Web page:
In the literary analysis of themes in Bans a Kilin, there are two themes present, which are Identity crisis and the Imposition of language.
About the poet
Louise Bennett is a famous Jamaican poet, presenter, poetess, folklorist, and comedian. Bennett was born in Colonial Jamaica. She used to do a radio show on BBC Radio called Caribbean Carnival and West Indian Nights. On television, her popular show was Ring Ding. Apart from these, many of her shows were pretty well known on both mediums. She was given honorary Doctor of Letters by York University.
Louise Bennett is one of those Jamaicans who have supported the cause of restoring Jamaican identity and culture.
Language is the identity of any nation. Therefore, Jamaican Patois is known as the national identity. Patois was originally generated from the language of English masters and local African slaves. These slaves were brought to Jamaica for slavery reasons by Britishers.
Literary Analysis of themes in Ban a Killin
Louise Bennette has reflected over her own identity when she asks Mr Charlie if he wants to end all the dialects of English? She is unable to understand that whether it is for all the dialects or specifically the Jamaican one.
For someone who is already a part of a postcolonial region, it is painful for them to see their identity in threat. Initially, these people saw crisis when their customs were intruded and if this was not enough, the so-called civilized wants to snatch their language as well.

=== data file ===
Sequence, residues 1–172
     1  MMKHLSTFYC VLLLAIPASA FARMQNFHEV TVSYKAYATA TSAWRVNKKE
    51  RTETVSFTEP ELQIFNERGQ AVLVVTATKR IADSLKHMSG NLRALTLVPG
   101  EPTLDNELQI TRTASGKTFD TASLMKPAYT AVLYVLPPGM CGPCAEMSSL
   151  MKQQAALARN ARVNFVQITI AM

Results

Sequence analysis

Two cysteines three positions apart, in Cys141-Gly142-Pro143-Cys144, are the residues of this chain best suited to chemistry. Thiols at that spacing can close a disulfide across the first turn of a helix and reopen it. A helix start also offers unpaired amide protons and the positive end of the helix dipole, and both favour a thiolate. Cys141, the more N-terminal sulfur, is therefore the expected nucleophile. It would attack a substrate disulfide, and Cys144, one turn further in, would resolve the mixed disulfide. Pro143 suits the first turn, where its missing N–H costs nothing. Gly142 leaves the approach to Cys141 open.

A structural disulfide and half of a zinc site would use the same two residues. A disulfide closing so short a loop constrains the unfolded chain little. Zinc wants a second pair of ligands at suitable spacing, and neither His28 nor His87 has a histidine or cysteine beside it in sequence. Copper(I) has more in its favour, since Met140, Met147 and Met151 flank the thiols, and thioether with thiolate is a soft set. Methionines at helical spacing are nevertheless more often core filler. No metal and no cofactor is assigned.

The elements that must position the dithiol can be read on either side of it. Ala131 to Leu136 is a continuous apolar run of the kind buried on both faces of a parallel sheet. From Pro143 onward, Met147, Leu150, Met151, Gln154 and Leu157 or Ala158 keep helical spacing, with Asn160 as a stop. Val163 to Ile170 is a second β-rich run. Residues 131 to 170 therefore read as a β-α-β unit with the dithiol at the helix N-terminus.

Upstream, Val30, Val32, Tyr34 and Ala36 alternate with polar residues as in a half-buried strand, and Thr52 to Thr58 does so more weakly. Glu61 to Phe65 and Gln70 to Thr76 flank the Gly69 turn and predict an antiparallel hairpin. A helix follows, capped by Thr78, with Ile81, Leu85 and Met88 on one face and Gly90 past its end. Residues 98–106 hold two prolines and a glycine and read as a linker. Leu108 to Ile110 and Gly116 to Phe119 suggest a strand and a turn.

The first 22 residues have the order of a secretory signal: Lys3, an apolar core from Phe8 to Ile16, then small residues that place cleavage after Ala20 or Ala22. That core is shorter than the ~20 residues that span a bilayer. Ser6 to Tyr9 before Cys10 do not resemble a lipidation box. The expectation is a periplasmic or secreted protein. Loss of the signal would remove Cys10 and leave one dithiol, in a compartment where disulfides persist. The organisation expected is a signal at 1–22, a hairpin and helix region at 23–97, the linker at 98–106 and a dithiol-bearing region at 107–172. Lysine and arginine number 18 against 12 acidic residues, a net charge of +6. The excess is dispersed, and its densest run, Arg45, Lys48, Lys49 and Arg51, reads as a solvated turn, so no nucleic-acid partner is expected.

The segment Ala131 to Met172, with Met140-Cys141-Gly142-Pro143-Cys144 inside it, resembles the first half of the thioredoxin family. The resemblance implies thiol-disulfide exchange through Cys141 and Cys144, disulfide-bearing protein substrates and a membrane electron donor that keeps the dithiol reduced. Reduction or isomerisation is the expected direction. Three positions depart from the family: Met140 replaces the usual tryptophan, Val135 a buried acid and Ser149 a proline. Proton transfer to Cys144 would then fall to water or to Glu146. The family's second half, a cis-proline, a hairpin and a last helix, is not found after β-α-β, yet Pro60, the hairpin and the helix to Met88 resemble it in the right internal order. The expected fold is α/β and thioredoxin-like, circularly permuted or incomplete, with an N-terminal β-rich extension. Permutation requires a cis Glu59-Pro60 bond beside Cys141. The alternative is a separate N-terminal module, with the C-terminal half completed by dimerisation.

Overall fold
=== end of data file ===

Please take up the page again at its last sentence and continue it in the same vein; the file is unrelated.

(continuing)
Bennette has further said in her poem Bans a Killin:
If you’ve examined the English Language,
Then what makes you feel inferior when
it comes to dialects?
Although, it clearly shows that she wants Mr Charlie to see the fact that if he takes a close look at the English language, then he will realize that it is a mixture of all other languages around. When this language is itself a dialect, then what is the point of disliking other dialects? Why Mr Charlie feel like if other dialects will make English look inferior.
Imposition of language
If you can’t sing ‘Linstead Market’And ‘Water come a me yeye’Then we have to stop singing ‘Auld lang syne’And ‘Comin through de rye’.
It is certainly an imposition of a language when you have double standards. It is that at one point, you want them to sing your folk songs while on the other hand, you do not want to sing othe’s folk songs that are dear to them.
She referred to Scottish folk songs like Auld lang syne and Comin through de rye, which colonists wants colonized to sing.
It is indeed an imposition of language when one language is consider to be lesser than the other.
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